Clean Air Day 2019 will be on Thursday 20 June, coordinators Global Action Plan have announced, almost one year to the date of 2018's headline-smashing event.
Breathing Clean Air; What We Owe Our Kids

Local schools, hospitals and communities across UK cities run events and inspire other local residents to act for their own health and the health of local children.

Across the UK’s city centres, air pollution is having a major impact on our health, with dirty air contributing to 40,000 deaths every year in the UK.

National Clean Air Day will enable people to act on air pollution, making UK cities cleaner, healthier and greener for us all – especially children. Children are especially vulnerable to the effects of air pollution, and action to protect them will be a particular focus on the day. If you act today, we’ll all benefit today.

Facts about air pollution

•    A thick smog formed in London during the late 1800s. It was called the London Fog or the Pea Soup Fog.
•    The biggest single air polluter is road transport such as cars.
•    Air pollution can cause your eyes to burn and make it difficult to breathe.
•    Indoor air pollution can be much worse than the pollution outdoors.

Why is air pollution a problem?

You can’t always see or smell air pollution – but it is there. In fact, most places in the UK have illegal pollution levels, and our health is suffering as a result.

Dirty air leads to worsening asthma symptoms, heart disease and even lung cancer. It increases the risk of children growing up with smaller lungs and has been associated with changes in the brain linked to dementia.

Data from the World Health Organisation shows air pollution is a serious problem across most of our major towns and cities — from Birmingham to Swansea to Glasgow. The medical journal The Lancet and the Royal College of Physicians have both referred to this data.

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“It’s in all our interests to care about pollution,” says Rosamund Kissi-Debrah, from Lewisham, London, who lost her daughter Ella to severe asthma and now campaigns for clean air.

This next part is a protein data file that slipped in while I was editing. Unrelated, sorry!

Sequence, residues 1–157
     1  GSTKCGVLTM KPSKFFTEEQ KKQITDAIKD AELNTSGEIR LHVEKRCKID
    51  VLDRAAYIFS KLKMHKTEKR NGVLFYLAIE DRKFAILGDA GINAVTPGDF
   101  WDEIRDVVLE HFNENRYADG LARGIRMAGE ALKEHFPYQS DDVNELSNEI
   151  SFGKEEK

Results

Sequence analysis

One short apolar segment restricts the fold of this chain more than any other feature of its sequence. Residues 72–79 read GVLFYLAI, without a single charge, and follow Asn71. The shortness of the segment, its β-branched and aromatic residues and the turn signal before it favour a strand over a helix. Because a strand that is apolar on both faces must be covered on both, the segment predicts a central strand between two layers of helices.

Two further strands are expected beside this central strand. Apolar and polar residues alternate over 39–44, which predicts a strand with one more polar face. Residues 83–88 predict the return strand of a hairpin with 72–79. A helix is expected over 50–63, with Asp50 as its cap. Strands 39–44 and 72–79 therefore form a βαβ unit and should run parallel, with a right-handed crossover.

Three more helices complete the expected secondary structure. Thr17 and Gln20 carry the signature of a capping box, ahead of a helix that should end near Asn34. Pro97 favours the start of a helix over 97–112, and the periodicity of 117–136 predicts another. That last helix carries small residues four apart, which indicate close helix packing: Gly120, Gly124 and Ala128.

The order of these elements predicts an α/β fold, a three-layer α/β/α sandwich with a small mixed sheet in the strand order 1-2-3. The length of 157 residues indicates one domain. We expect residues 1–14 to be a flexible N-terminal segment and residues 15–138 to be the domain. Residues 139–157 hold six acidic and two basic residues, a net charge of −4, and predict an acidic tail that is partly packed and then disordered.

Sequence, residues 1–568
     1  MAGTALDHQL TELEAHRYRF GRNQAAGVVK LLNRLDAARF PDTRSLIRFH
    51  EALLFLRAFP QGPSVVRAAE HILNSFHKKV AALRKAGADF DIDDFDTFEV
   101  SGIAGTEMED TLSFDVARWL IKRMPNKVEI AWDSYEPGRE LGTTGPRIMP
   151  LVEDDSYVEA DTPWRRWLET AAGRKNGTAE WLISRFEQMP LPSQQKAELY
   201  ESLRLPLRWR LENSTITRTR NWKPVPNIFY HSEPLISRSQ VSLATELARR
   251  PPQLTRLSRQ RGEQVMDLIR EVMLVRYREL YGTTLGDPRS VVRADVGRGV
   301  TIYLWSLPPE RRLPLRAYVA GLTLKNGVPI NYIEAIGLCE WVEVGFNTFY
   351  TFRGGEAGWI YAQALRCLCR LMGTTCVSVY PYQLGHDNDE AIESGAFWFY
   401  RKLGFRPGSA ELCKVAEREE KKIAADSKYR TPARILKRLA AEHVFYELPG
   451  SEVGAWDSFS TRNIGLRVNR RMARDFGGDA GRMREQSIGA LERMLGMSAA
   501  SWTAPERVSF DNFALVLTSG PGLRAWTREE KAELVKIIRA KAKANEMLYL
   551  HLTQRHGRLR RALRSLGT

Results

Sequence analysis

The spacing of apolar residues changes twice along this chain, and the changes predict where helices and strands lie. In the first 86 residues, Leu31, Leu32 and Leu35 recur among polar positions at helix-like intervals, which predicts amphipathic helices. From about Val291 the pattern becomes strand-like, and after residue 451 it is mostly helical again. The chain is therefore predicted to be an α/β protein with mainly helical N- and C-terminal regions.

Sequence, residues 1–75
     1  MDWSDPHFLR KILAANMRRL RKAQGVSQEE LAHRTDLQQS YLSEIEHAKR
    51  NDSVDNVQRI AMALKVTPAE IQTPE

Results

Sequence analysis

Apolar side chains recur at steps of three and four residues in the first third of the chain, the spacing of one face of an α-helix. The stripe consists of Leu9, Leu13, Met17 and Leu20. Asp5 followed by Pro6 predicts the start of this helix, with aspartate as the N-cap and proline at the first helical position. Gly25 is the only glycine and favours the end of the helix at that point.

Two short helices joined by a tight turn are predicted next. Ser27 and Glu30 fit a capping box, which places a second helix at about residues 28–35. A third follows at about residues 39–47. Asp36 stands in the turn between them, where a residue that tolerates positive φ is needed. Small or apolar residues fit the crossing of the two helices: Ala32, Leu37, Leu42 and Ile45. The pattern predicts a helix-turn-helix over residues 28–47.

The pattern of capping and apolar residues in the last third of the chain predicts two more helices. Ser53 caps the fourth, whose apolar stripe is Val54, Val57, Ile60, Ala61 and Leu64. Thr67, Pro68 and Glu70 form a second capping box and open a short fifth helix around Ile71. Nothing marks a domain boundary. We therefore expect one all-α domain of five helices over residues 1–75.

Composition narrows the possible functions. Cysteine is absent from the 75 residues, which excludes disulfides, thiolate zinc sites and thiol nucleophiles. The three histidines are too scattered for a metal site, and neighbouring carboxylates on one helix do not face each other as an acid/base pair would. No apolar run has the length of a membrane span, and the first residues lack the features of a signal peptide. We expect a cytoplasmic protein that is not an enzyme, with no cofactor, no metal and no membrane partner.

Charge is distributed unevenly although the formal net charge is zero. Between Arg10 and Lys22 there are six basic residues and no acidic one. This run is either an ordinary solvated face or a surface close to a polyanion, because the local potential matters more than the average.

“This is where I think my daughter was cheated. She was ill and she wasn’t breathing clean air. That’s what we should be fighting for: for our children to breathe clean air.”

Air pollution also makes already existing inequalities worse.

Certain groups are deeply affected by poor quality air: those living in areas of most deprivation, black and ethnic minority people, pregnant women, children, older people and people with existing health conditions.

How to make our air cleaner

1. Conserve energy

Switch off fans and lights when you are going out. A large number of fossil fuels are burnt to produce electricity. You can save the environment from degradation by reducing the number of fossil fuels to be burned.

2. Understand the concept of Reduce, Reuse and Recycle

Do not throw away items that are of no use to you. In-fact reuse them for some other purpose. For e.g. you can use old jars to store cereals or pulses.

3. Use public mode of transportation

Encourage people to use more and more public modes of transportation to reduce pollution. Also, try to make use of carpooling. If you and your colleagues come from the same locality and have same timings you can explore this option to save energy and money.

4. Emphasis on clean energy resources

Clean energy technologies like solar, wind and geothermal are on high these days. Governments of various countries have been providing grants to consumers who are interested in installing solar panels for their home. This will go a long way to curb air pollution.


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